Due to the late hour - check the time - I'll update this at a later date, but there's step by step blanching tips here. Make sure once cooked it goes in the fridge overnight.

As @HubUK metioned on the Christmas cooking tips post it helps to plan your oven space the day before. There's 3 ways to re-heat veg on the meals that I deliver, you could use any depending on what space you have/ what's easiest:

Re-heating instructions for green veg (french beans in this case) copied from my label printing programme (needs to be quick):

Microwave - Transfer to a microwave proof container.
Microwave for 2 minutes. Stand for 2 minutes. Microwave for a
further 2 minutes.
To oven cook - Add 2 tablespoons of water to the
container and replace lid. Cook on 190 oC for 10 - 12
minutes till hot.
On stove - transfer to a large saucepan. Add a small ladle of water to
the pan and cover with a lid. Place on stove on medium heat for 6 -
10 minutes till warm turning occasionally. The steam created heats
the beans. N.B. If you turn too much they may disintegrate.

Related posts:

Can I cook roast potatoes the day before?

Blini stars

Monday, December 21, 2009
Keeping the Christmas theme, star shaped canape blinis......
A couple of days before I had made them with dill scones instead of blinis. The fourth year I had done that particular party. They do like them, but I thought something just slightly different might be good......

Asparagus soup (canape)

Last night at Meadowbank in Chipping Campden.

Bagel allstars

While Adam finished off the last tuile baskets before I rushed off to deliver one bistro meal and cook another one, I delved in the van for the camera and grabbed the quick photo above - couldn't miss these!

Well it did say 'insert card here'! It might not top up the credit on your mobile, but it does make these festive bagels which will be eaten in just a few hours.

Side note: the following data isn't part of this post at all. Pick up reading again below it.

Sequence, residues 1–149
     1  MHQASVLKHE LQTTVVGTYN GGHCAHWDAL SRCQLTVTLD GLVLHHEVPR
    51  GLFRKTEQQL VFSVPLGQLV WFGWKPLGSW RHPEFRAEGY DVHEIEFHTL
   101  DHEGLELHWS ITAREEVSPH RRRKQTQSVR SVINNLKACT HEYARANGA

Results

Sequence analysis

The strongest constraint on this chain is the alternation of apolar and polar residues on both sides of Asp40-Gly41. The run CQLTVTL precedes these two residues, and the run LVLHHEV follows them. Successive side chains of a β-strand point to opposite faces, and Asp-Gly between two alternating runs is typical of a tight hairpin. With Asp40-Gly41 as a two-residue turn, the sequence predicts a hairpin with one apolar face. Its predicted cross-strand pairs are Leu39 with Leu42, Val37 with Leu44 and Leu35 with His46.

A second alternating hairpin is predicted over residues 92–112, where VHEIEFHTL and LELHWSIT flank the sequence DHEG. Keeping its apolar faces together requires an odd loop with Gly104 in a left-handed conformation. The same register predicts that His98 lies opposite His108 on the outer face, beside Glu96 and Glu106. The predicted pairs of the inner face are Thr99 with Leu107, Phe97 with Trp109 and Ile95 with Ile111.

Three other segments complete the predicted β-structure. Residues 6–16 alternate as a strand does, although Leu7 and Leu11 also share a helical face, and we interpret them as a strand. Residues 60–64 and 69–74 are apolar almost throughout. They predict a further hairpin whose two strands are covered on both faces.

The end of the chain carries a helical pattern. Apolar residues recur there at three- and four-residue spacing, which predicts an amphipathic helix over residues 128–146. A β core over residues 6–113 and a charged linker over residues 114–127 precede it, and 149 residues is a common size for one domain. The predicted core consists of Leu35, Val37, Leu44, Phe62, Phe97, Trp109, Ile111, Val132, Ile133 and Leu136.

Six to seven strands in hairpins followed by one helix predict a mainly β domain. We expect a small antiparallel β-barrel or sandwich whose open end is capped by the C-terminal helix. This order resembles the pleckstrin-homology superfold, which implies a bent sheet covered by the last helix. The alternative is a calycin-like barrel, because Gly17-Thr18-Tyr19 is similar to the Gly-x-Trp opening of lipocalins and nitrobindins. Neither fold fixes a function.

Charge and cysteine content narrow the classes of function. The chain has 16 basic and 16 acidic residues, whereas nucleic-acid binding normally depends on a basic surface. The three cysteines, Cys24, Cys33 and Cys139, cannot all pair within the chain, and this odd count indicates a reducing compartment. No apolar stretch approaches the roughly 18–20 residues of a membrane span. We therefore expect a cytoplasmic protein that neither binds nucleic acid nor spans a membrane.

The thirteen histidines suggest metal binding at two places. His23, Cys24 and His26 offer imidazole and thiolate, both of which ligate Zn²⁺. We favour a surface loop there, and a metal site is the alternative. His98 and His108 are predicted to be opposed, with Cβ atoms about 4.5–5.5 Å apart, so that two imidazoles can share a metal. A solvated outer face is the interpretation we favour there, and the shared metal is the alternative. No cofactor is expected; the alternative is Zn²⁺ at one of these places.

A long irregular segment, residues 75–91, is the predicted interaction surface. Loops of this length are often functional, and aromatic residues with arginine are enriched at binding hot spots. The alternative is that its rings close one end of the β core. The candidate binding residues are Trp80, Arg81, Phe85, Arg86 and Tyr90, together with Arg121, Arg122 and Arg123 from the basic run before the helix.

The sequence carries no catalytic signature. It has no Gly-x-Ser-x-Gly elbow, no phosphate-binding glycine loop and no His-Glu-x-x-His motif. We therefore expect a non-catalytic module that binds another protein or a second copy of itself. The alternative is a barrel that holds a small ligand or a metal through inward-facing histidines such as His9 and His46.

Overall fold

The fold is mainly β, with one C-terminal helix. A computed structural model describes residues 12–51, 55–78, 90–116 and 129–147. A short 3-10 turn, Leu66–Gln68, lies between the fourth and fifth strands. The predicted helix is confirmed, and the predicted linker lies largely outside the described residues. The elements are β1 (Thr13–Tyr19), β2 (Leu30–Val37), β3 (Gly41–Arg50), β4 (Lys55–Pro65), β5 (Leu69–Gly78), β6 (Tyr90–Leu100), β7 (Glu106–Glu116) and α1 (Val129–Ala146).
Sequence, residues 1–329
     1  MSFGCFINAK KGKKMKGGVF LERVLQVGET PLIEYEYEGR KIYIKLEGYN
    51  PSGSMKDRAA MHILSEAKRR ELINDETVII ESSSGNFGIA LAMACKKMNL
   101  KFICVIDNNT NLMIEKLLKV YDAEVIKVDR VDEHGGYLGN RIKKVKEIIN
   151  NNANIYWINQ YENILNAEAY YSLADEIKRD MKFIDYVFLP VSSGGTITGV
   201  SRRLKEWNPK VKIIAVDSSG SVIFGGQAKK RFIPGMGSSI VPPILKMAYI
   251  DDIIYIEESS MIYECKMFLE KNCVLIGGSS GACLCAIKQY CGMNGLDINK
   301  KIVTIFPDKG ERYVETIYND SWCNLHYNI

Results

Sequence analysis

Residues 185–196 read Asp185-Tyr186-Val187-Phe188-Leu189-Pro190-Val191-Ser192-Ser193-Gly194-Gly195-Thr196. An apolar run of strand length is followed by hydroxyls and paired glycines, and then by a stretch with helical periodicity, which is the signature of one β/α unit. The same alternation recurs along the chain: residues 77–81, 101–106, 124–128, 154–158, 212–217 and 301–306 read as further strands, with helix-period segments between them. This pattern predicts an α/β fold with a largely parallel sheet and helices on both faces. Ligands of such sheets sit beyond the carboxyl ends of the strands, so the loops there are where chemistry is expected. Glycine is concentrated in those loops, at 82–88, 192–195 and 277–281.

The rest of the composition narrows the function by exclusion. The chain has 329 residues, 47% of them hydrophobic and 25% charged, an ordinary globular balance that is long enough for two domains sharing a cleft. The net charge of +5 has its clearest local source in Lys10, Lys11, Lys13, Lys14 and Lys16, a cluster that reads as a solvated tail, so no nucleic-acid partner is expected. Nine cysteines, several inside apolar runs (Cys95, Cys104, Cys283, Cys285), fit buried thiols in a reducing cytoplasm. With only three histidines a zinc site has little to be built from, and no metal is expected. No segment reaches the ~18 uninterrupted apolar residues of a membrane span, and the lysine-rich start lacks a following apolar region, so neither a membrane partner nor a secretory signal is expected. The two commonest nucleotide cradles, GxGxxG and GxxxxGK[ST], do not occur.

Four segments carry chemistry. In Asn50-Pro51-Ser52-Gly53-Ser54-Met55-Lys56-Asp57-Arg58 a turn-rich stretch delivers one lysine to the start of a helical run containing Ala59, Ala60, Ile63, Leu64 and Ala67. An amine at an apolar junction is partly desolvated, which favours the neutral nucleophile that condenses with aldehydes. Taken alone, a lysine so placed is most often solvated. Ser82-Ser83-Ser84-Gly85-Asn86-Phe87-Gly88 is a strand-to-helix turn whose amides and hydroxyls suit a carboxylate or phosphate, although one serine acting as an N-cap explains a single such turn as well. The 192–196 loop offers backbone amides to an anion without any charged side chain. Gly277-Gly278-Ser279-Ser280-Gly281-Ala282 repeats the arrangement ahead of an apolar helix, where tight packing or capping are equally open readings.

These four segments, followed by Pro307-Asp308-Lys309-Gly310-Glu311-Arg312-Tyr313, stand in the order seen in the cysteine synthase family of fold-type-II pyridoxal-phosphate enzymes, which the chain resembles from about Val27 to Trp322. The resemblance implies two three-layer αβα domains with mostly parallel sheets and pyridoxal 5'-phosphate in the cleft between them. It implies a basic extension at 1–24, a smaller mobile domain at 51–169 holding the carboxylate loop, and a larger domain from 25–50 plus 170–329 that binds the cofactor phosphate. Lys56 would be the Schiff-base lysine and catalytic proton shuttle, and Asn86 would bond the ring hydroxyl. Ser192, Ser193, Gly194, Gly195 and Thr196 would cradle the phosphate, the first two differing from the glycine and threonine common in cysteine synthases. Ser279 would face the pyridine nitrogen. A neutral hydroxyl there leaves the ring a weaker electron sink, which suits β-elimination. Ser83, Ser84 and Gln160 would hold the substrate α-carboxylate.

In fact the credit card is a nifty cutting device to make the star shape. You make 3 cuts and turn them inside out.

I had been meaning to make these since I first saw them here on Chuck's always inspiring Knead For Bread blog in January..... but January's suddenly become December again.

His step by step photos are great for this - makes it look so easy - which it is really. I did cheat slightly. Never enough time, so I used my regular bread mix, and after proving and shaping let them prove again for about 15 minutes and boiled them up, rather than leaving it overnight. The first tester one I did ended up the size of a bread loaf, so I had to reform the rest smaller. You want to start off with a dough ball the same size you would use for a regular bread roll. The remainder of the bagel mix was turned into onion and thyme bakers knots which proved on the way to the venue and were baked once I got there, just in time for when they sat down - now that's fresh!

These were accompanied with (what else?) smoked salmon and cream cheese.

Related posts

Sesame bagels
Lots of other bread posts
Bread photos on our Facebook page

How to bone a turkey

Thursday, December 17, 2009
Much easier to serve at the table on Christmas Day - and you can use the bones to make a delicious gravy to go with it. See last year's post (& photo's) here:

The twelve days of Christmas cooking tips - Blog, Facebook & Twitter event: send yours in now!

Tuesday, December 01, 2009
Christmas. You’ve been round to all of your friends drinks parties, you’ve held yours, and then the family descend on you for the big day itself. Turn the heating up to nursing home level (it gets cold in the UK), move the entire contents of the supermarket shelves into your pantry, let the spirits flow like water, and snooze in front of the TV. But we love it.

Most of us enjoy a cooking good Christmas – but there’s lots of things that can make it easier. After over 3 years of food blogging I thought it would be a good time for a blog event:


Yes - share your Christmas cooking tips so everyone else can save time on their Christmas cooking too, and have a stress free Christmas lunch!

What do I do if I want to join in?

Post a blog post with your Christmas cooking tip, or re-post an old one from your archive and include a link to this post by Sunday 13 December - this gives you twelve days (just). We will post all tips received on Monday 14 December and link to your blog, facebook or twitter page so everyone has 10 days to read it before they start on their Christmas meal preparations.

You don’t even have to keep a food blog to enter you can:

1 – Tweet your tip to @Cotswoldfood (yes you can get it into 140 characters)

2 – Leave us a comment on our Face book page here.